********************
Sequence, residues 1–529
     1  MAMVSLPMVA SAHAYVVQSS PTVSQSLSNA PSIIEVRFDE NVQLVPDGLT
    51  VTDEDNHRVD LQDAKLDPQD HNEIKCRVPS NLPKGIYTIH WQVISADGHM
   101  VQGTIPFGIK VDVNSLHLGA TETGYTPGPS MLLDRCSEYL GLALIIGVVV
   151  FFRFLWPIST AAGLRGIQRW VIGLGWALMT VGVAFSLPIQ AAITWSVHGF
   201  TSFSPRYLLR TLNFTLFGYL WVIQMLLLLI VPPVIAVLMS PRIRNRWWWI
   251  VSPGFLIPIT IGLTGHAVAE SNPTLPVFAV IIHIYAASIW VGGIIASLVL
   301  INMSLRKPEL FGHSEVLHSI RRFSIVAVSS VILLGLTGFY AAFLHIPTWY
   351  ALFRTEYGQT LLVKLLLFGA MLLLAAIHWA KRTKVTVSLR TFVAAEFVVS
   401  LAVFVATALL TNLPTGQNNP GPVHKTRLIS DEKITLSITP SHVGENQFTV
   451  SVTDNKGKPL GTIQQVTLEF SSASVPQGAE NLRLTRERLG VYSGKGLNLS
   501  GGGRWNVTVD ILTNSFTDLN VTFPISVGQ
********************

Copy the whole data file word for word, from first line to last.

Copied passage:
Sequence, residues 1–529
     1  MAMVSLPMVA SAHAYVVQSS PTVSQSLSNA PSIIEVRFDE NVQLVPDGLT
    51  VTDEDNHRVD LQDAKLDPQD HNEIKCRVPS NLPKGIYTIH WQVISADGHM
   101  VQGTIPFGIK VDVNSLHLGA TETGYTPGPS MLLDRCSEYL GLALIIGVVV
   151  FFRFLWPIST AAGLRGIQRW VIGLGWALMT VGVAFSLPIQ AAITWSVHGF
   201  TSFSPRYLLR TLNFTLFGYL WVIQMLLLLI VPPVIAVLMS PRIRNRWWWI
   251  VSPGFLIPIT IGLTGHAVAE SNPTLPVFAV IIHIYAASIW VGGIIASLVL
   301  INMSLRKPEL FGHSEVLHSI RRFSIVAVSS VILLGLTGFY AAFLHIPTWY
   351  ALFRTEYGQT LLVKLLLFGA MLLLAAIHWA KRTKVTVSLR TFVAAEFVVS
   401  LAVFVATALL TNLPTGQNNP GPVHKTRLIS DEKITLSITP SHVGENQFTV
   451  SVTDNKGKPL GTIQQVTLEF SSASVPQGAE NLRLTRERLG VYSGKGLNLS
   501  GGGRWNVTVD ILTNSFTDLN VTFPISVGQ